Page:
SCOTTSDALE, Ariz. — Adam Warren is just like everybody else: He has no idea what Joe Maddon is going to do next.
Warren's former New York Yankees teammate, John Ryan Murphy, texted the new Cubs pitcher and asked how different camp was with this team.
"I told him, 'You come to the park, you know you're gonna laugh, but you have no idea what's gonna happen,'" Warren said. "I think that's fun. It makes it interesting to come to the ballpark. The unpredictability, you know you're gonna have fun and you know you're gonna work on baseball.
"This group of guys makes it much more enjoyable to come. It's not that it wasn't fun in other camps, I just think it's a completely different feel for me than previous ones."
Warren has only been in Yankees camps before, entering the historic organization as a fourth-round pick in 2009 and spending six-plus years there before the Cubs acquired him for Starlin Castro over the winter.
Warren appreciates how the Cubs have fun and goof around, but also get their work in and know when to focus on the task at hand.
The 28-year-old right-hander made his first appearance in a Cubs uniform Sunday, getting the start in the team's fourth Cactus League game. He allowed three hits and two runs in the first inning before settling in and hurling a perfect second in the Cubs' 8-3 loss to the Arizona Diamondbacks.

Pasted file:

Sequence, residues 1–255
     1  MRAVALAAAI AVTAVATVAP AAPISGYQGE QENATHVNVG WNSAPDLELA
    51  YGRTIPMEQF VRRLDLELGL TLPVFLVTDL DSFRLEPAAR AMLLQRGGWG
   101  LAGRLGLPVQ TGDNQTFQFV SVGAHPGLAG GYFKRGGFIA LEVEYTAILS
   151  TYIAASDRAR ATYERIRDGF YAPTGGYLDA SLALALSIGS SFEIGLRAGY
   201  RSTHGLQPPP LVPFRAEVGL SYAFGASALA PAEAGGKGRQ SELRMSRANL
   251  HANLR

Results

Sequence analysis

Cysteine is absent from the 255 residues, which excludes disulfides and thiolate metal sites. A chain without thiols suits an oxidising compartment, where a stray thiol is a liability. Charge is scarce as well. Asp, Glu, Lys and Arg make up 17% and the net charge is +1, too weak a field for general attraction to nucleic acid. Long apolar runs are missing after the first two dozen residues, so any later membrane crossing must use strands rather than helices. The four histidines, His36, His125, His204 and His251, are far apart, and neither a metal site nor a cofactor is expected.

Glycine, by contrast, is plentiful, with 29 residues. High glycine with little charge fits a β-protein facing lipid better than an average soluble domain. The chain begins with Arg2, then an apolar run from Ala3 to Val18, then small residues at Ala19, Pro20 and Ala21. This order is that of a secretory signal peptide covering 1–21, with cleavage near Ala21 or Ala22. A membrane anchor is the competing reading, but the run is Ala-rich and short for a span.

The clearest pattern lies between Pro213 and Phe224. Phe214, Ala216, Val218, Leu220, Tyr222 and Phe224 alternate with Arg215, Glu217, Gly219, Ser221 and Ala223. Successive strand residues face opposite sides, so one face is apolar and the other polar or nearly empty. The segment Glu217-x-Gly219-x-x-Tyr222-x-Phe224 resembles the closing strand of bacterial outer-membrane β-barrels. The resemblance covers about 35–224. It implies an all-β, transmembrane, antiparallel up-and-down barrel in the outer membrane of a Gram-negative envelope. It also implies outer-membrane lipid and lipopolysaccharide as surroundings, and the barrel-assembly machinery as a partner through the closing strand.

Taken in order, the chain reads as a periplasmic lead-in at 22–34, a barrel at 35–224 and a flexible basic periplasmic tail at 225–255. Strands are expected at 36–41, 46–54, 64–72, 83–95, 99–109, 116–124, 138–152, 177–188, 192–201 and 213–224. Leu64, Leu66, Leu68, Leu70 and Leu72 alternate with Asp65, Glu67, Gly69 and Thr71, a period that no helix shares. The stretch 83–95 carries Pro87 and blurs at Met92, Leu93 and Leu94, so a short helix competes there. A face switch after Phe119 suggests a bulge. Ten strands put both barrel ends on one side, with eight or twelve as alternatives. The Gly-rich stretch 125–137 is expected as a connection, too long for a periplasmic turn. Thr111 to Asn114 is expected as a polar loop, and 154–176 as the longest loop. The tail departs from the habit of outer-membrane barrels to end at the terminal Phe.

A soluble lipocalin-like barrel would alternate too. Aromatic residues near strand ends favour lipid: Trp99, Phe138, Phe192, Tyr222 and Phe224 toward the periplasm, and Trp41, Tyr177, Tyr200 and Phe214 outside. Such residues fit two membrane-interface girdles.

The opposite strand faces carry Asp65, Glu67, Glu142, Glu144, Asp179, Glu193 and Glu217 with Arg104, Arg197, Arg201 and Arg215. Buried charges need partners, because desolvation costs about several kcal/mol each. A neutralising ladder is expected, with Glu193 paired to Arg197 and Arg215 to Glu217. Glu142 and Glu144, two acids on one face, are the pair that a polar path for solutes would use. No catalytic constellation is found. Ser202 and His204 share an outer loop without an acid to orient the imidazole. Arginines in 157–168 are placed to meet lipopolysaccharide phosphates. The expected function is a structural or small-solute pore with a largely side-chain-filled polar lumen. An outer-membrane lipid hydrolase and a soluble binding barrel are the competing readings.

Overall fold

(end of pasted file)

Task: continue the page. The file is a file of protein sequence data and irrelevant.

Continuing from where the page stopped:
"Just kinda getting back in the swing of things," Warren said. "Things were moving a little faster than I wanted them to. It's kind of expected. A little jittery, anxious to get out there.
"That comes with a new team. Getting that first inning out of the way is really nice. Really encouraging for me to go out in the second inning and kinda settle down and pitch like I wanted to."
Warren admitted he was a little bit more nervous than normal in his first spring game because he wants to prove himself to his new team. But he also likes the butterflies because it helps him get ready for the regular season, too.
The Cubs are handling Warren the same way they're handling the other swingmen on the roster (Trevor Cahill, Travis Wood, Clayton Richard), stretching them all out this spring and keeping options open to push Jason Hammel and Kyle Hendricks in the rotation.
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At Cubs Convention back in January, Warren said the organization told him they acquired him with a role as a starting pitcher in mind, though acknowledged that might not be this season.
Warren is fine with whatever role he's in, having started 20 games and pitched 127 as a reliever in his four years in New York.
If he winds up in the bullpen, Warren said he only needs one or two outings as a reliever in the spring to feel ready for that role.
Warren is used to a World Series or bust mentality from the Yankees, so he's been "embracing the target," so to speak, for basically his entire big-league career.
In talking about his potential role for 2016, Warren said this is a "special" season for the Cubs and just wants to help the team win however he can.
"I know how close this team feels right now," Warren said. "I'm still trying to get to know everyone. But I know the relaxed vibes here. You feel the confidence coming from guys. That's a good thing.
"Everybody knows how talented this team can be and I think that's kinda what motivates everybody to come to the field every day."